Great question. That’s part of it. But let’s look back in history. In the 19th century, journalist Ida B. Wells used photography to keep track of America’s lynching regime. Media and tech have always been part of the fight, but that role is changing as tech develops. And this book is trying to tell a story of not just the contemporary moments, but also the long arc of resistance. 

Would this book exist if not for the murder of George Floyd in 2020?
I’ve been thinking and talking about these issues for a long time. Let’s look back at the beating of Rodney King and the role of tech in that. Put George Floyd aside, and that same week, Amy Cooper called the police on a Black man who was birdwatching in Central Park and falsely accused him of threatening her, all because he asked her to put a leash on her dog. That was on video. And we saw how the internet responded, outing Amy, exposing her, calling her job and telling them what she did. But the George Floyd murder obviously had a profound impact. We watched for more than nine minutes as a man was murdered. A modern-­day lynching.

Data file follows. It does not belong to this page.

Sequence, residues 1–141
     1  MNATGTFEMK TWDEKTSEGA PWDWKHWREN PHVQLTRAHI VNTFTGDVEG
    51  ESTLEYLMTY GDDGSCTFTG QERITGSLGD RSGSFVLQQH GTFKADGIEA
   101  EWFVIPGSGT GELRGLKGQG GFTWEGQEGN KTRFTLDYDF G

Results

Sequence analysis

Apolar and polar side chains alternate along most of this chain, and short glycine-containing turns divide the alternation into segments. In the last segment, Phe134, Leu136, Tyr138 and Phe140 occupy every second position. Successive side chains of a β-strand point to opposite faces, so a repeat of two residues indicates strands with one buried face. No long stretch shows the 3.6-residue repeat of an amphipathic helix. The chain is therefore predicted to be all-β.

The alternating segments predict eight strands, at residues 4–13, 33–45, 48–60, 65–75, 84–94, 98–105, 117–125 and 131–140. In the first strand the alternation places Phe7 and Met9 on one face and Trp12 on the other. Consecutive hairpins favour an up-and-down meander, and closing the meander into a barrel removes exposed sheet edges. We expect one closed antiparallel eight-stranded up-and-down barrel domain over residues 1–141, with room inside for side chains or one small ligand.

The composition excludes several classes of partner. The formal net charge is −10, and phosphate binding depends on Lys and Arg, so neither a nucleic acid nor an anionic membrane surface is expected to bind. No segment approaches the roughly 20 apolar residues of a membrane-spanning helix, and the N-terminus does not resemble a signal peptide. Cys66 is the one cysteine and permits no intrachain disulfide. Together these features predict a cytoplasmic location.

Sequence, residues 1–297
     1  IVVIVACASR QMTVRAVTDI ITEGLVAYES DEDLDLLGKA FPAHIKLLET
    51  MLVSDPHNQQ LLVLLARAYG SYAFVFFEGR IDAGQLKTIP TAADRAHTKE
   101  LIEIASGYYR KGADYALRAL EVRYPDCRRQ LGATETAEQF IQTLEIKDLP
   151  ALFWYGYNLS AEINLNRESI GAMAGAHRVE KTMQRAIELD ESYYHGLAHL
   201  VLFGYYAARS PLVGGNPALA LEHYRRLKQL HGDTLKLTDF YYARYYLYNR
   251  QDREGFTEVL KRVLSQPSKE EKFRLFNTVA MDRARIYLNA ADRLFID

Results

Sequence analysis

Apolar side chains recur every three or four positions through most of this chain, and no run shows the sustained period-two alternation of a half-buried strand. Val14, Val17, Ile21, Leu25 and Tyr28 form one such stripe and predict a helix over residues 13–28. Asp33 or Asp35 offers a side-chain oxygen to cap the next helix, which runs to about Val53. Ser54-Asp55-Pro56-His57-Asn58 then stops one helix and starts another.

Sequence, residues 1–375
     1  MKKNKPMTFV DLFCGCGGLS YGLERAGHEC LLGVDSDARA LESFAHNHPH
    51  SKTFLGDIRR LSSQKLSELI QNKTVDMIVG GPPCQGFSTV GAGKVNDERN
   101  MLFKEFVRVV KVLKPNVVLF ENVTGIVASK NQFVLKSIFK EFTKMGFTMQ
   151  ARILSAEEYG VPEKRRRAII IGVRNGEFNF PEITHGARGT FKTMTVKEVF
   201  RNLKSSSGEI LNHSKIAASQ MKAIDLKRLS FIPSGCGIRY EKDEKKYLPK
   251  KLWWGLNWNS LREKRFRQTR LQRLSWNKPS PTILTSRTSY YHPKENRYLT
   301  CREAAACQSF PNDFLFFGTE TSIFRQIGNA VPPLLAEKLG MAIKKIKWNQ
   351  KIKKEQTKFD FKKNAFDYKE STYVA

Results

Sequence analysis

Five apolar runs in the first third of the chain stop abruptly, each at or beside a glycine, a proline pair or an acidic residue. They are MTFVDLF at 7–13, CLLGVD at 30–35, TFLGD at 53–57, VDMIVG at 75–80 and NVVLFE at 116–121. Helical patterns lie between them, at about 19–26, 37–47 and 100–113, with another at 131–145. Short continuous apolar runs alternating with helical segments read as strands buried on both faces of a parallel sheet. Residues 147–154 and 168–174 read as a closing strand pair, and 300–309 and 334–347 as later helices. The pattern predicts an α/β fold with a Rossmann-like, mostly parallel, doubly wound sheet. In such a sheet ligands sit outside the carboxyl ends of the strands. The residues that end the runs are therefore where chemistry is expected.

Imagine if there wasn’t someone there to catch it on video.